miércoles, 2 de enero de 2019

Her Blind Spots | Opinion News, The Indian Express

Her Blind Spots | Opinion News, The Indian Express

Her Blind Spots

Tavleen Singh is a legend, but on #MeToo, she misses the point.

me too, me too movement, me too movement india, sexual harassment, narendra modi, women journalists, ncrb, indian express news
As 2019 unfolds, here’s hoping they continue with their courageous journalism in news environments that are equal and enabling. (Representational)
Tavleen Singh is a legend. Her courageous reporting from Punjab during its most politically fraught times in the 1980s remains a valuable source of information on that period. She could — perhaps to her great displeasure — be regarded as part of the pantheon of women journalists who chose to fly over the chicken coops placed by newspaper managements of an earlier era to keep female journalists firmly confined.
It was therefore with some reluctance that I write this rejoinder to her piece, ‘Stories beyond MeToo’. I feel a rejoinder is warranted because it had followed two other pieces —‘Why I am not MeToo’ and ‘Can MeToo get beyond me’ — that made the same broad argument: Indian women journalists, instead of seeking to be celebrities by calling out their sexual harassers and making themselves the story, would be better employed addressing through their writing the terrible assaults on women and girls in the country. There was a sub-text to these pieces as well: Singh’s feeling that she was a figure of derision for women journalists.
To come to the last sentiment first, let me state that Singh is as entitled to her opinion as her critics are entitled to theirs, and calling her a “relic”, if someone had indeed called her that, is patently offensive and ageist. Having said that, I would also point out that some expressions Singh employs in her pieces to describe the objects of her wrath — such as “MeToo ladies” — could also be seen as objectionable.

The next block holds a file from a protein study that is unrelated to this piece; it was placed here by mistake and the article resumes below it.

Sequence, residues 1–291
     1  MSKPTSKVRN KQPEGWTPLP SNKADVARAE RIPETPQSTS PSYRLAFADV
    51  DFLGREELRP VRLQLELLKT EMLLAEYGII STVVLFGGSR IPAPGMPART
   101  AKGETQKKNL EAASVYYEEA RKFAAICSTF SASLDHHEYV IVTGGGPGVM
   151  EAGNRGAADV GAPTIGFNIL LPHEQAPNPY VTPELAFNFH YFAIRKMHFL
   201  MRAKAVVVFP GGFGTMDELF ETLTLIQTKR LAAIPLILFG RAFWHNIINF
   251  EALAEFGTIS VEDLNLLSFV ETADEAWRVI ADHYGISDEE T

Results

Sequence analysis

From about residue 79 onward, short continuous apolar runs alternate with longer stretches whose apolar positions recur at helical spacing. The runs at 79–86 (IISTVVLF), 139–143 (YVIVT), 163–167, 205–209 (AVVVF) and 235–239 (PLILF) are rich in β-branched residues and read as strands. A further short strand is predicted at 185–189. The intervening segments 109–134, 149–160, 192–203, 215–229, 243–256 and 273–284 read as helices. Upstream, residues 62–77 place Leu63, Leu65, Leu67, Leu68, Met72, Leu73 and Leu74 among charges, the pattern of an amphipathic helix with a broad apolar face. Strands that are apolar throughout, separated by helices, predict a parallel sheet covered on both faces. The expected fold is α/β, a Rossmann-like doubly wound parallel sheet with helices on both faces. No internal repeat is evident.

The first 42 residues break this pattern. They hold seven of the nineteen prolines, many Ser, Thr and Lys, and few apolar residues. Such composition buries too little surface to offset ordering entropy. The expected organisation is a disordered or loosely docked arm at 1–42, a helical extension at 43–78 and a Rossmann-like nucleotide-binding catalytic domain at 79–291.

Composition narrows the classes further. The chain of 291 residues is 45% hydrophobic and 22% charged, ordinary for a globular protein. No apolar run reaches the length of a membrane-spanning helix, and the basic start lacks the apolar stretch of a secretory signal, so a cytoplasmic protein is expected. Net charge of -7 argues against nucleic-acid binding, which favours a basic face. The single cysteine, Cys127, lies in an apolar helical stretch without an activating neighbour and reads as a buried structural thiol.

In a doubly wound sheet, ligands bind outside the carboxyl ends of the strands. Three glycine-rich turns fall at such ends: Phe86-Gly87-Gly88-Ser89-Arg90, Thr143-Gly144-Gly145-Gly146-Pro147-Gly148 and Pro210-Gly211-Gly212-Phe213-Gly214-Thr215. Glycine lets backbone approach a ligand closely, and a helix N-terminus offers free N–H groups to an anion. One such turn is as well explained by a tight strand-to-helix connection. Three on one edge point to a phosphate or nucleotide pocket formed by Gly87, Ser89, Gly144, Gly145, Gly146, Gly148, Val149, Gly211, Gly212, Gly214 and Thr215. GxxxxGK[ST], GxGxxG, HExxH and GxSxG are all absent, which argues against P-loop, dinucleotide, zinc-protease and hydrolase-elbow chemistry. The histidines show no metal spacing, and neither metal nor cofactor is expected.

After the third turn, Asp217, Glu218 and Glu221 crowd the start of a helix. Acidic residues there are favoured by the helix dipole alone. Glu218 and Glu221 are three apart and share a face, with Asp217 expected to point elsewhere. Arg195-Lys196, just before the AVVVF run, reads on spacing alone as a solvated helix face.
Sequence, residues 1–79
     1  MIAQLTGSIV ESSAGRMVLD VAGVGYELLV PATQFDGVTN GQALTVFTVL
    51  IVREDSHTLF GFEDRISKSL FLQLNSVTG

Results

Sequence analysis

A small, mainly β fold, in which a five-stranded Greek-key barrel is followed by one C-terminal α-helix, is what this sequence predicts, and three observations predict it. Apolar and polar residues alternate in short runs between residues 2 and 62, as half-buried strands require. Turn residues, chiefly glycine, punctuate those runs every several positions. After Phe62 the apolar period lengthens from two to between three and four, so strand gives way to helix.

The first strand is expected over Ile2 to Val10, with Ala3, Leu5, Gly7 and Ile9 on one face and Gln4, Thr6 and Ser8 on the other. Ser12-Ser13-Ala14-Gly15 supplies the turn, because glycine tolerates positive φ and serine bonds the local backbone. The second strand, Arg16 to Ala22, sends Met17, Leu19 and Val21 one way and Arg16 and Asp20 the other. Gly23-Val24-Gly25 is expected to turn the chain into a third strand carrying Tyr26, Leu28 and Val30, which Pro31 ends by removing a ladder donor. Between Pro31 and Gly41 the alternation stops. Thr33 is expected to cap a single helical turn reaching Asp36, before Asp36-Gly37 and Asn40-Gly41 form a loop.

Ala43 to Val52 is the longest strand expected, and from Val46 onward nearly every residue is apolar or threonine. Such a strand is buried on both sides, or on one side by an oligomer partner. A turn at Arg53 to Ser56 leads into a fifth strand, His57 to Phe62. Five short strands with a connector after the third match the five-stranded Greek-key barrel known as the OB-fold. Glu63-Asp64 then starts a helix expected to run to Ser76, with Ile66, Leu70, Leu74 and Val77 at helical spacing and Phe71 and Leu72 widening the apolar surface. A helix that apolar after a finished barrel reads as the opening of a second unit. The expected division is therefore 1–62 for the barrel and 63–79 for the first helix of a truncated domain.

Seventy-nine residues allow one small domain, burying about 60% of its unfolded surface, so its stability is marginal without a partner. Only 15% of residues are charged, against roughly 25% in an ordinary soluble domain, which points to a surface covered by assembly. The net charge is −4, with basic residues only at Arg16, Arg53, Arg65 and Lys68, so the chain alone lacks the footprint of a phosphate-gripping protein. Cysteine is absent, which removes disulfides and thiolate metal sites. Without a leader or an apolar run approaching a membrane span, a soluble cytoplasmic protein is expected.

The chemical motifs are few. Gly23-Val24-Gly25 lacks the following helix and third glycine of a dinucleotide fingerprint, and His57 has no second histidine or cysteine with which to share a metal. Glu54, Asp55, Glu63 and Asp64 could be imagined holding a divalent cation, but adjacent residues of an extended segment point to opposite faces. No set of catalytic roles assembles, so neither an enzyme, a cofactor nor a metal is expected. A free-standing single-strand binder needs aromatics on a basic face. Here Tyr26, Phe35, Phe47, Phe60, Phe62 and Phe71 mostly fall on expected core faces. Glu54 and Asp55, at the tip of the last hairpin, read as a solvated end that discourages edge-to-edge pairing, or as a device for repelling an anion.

Singh begins her latest piece with the observation “women journalists were the biggest winners in MeToo India”. The use of the term “MeToo India” is a bit odd, given that the MeToo “movement” has in no way been an all-encompassing, pan-national phenomenon. But let that pass. What is certainly not the case is that women journalists who actually found the courage to go public with their personal histories were “winners” in any sense. Being embroiled in a court case against a defendant shielded by the best legal talent in the country or being attacked for not assuming the stance of the perfect Bharatiya nari by keeping silent, are not exactly marks of a “winner”. Even the prospect of a win is hardly bright, given the patriarchy within criminal justice institutions, the constant and hostile trolling and society’s general misogyny.

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